There were a number of important development in government fiscal reforms recently. I will focus on three areas: government procurement reforms, military and uniformed personnel (MUP) pensions, and infrastructure.
See these recent reports in BusinessWorld, mostly written by Luisa Maria Jacinta C. Jocson and Keisha B. Ta-asan:
Budget and procurement: “Easier procurement rules seen curbing underspending” (Aug. 15), “Diokno: Tuition-free college education ‘unsustainable’” (Aug. 20), “DBM chief says Q2 GDP growth would have been higher if not for gov’t underspending” (Aug. 21), “Infra law TRO ban applicable to all procurements — DBM” (Aug. 29), “DBM urged to reconsider ‘no TRO’ proposal for procurement deals” (Aug. 29).
Reforms in MUP pension: “House panel approves bill seeking to reform military pension system” (Aug. 16), “Failure to reform military pension system may hurt PHL credit rating” (Aug. 17), “Gov’t expects military pension system to be self-sustaining in 20 years” (Aug. 21), “House to accommodate DND chief’s proposals in MUP pension reform bill” (Aug. 23).
Infrastructure, fiscal balance: “PPP measure expected to clear third reading in Senate this week” (Aug. 22), “3 more added to list of flagship infrastructure projects” (Aug. 24), “Gross borrowings hit P1.4T in 1st half” (Aug. 28), “Deficit-to-GDP ratio still a concern, analysts say” (Aug. 28), “BIR surpasses July collection target by 5%” (Aug. 30), “Rules for Maharlika fund released” (Aug. 30).
During the UP School of Economics (UPSE) Program in Development Economics (PDE) alumni homecoming on Aug. 19, Budget Secretary and PDE alumna Amenah Pangandaman said during her lecture that their Department’s study showed that if the scheduled spending of P170 billion were done by agencies in the second quarter, GDP growth would have been 5.3% and not 4.3% due to multiplier effect of those programs that suffered underspending.
Finance Secretary Benjamin Diokno is correct to say that free tuition in state universities is not fiscally sustainable. I reiterate my position that tertiary education should be a parental or guardian responsibility, not a state responsibility and hence, public spending in state universities should be cut so that more resources can be allocated to public primary and secondary education.
On MUP pension reform, again I agree with Secretary Diokno and the economic team on two basic reforms that must be done: 1.) There should be a mandatory 5% contribution by active personnel in years 1-3, 7% in years 4-6, and 9% starting year 7 onwards, while new entrants will immediately contribute 9%. Contributions are based on monthly base and longevity pay, and government’s counterpart contributions will cover the balance to meet the 21% total pension premium. And, 2.) the removal of indexation for active personnel and new entrants. I reiterate my position that a third reform should be made — that MUP pension should be taxed.
I do not support Defense Secretary Gilberto Teodoro’s disagreement with the two basic reforms made by the economic team. Very likely he would also oppose my additional proposal of taxing the pension.
Our soldiers, policemen, and other MUPs indeed do some dangerous work. But they are not sent to work with just a gun or machete. They are provided by taxpayers with high powered armaments, bombs, tanks, choppers, armored boats, etc. so that they have logistical and organizational superiority over rebels and organized criminals. For the Philippine National Police (PNP) and Armed Forces of the Philippines, they even have free education, free board and lodging for four years at the PNP Academy and Philippine Military Academy.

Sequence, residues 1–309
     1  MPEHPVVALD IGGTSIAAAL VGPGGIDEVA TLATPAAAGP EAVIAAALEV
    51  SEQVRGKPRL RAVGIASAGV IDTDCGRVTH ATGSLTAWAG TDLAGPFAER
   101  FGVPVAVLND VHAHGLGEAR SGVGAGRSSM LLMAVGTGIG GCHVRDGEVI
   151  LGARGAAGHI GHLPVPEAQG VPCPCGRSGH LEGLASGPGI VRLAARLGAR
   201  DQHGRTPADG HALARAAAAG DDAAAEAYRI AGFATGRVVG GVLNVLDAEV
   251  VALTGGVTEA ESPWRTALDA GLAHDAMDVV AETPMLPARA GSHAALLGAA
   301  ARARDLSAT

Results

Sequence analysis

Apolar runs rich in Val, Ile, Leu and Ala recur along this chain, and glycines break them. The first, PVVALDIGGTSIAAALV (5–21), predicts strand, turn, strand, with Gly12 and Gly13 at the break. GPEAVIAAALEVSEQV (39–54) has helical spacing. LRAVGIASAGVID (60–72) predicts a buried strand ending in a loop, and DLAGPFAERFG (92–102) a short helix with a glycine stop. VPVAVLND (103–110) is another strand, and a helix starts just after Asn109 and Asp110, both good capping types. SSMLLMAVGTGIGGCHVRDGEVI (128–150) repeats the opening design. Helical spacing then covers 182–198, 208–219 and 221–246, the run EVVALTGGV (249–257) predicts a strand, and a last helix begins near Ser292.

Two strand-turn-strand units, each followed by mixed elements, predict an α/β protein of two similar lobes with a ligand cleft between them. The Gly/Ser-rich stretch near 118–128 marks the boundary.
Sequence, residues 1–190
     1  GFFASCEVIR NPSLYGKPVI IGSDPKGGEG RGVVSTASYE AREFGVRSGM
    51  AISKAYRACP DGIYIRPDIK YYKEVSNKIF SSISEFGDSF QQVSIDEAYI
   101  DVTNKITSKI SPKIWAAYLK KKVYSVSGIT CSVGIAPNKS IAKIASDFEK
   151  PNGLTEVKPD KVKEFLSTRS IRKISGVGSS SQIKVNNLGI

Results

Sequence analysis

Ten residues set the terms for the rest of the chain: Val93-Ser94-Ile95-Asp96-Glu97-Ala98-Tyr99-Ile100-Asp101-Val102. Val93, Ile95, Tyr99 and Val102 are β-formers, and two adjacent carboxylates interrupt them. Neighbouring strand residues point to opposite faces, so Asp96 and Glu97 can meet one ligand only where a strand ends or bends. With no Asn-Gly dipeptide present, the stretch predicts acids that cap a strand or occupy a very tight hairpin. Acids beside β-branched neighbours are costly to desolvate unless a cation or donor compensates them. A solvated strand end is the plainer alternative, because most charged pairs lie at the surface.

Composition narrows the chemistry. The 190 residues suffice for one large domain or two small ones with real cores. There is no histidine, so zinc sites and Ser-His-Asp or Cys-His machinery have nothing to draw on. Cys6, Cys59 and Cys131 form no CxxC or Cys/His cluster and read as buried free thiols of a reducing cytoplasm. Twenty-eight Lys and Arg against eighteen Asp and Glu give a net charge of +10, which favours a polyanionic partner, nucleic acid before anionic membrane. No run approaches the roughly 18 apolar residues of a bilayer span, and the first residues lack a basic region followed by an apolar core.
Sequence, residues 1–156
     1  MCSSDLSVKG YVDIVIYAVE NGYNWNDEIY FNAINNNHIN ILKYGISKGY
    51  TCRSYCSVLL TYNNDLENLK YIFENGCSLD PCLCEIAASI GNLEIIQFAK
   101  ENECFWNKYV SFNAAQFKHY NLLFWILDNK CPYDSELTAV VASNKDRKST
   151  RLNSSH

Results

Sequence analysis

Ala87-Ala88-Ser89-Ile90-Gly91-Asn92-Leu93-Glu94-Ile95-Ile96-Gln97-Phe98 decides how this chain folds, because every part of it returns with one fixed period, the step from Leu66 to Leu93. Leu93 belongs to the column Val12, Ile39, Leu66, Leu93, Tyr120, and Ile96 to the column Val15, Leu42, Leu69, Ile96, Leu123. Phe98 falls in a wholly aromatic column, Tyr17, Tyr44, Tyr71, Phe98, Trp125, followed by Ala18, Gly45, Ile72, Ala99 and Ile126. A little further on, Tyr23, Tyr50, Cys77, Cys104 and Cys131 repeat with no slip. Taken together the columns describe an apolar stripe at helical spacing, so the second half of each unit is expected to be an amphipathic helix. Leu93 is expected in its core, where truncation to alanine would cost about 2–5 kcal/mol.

A big drag on fast economic growth for the Philippines is the continued high budget deficit, high annual borrowings, high interest payments of P500+ billion a year excluding amortization, mainly because of high spending and obligations by the National Government (NG) like endless subsidies and MUP pension (See Table 1).
Government personnel and agencies should do their share to help unburden the taxpayers. Let it be “To serve and protect… the public and taxpayers.” And not just “To serve and protect… our superiors and our pension.”
This week, the economic and infrastructure teams of the Marcos Jr. administration were in Tokyo to convince more Japan investors to come to the Philippines and do business here. Aside from showing the numbers on the macroeconomic fundamentals of the country which are superior compared to many other Asian and European countries, the two teams also showed the administration’s important infrastructure programs and plans. From the virtual presentations, I extracted some data and compressed three sub-tables into one table for the purpose of brevity (See Table 2).
Good thing that the PPP Act will soon be passed by the Senate. It sets clear and above-board procurement processes and awarding of major infrastructure projects. Cynthia Hernandez, who is the PPP Center Executive Director and another PDE alumna, is hopeful that this new legislation will help hasten faster infrastructure development in the country.
Growth should principally come from private investments and household and corporate spending. Financing growth should principally come from private resources too, with government providing the basic infrastructure, the physical-electrical-digital highways that private investments will tap to expand their businesses and job creation. The economic team is doing well in facilitating this kind of growth financing.
BWorld 632, Financing Growth, August 30, 2023
BWorld 633, Some trends in de-dollarization and implications for developing countries, Sept. 04, 2023
BWorld 634, BRICS energy and Philippine hosting of FIBA games, Sept. 16, 2023.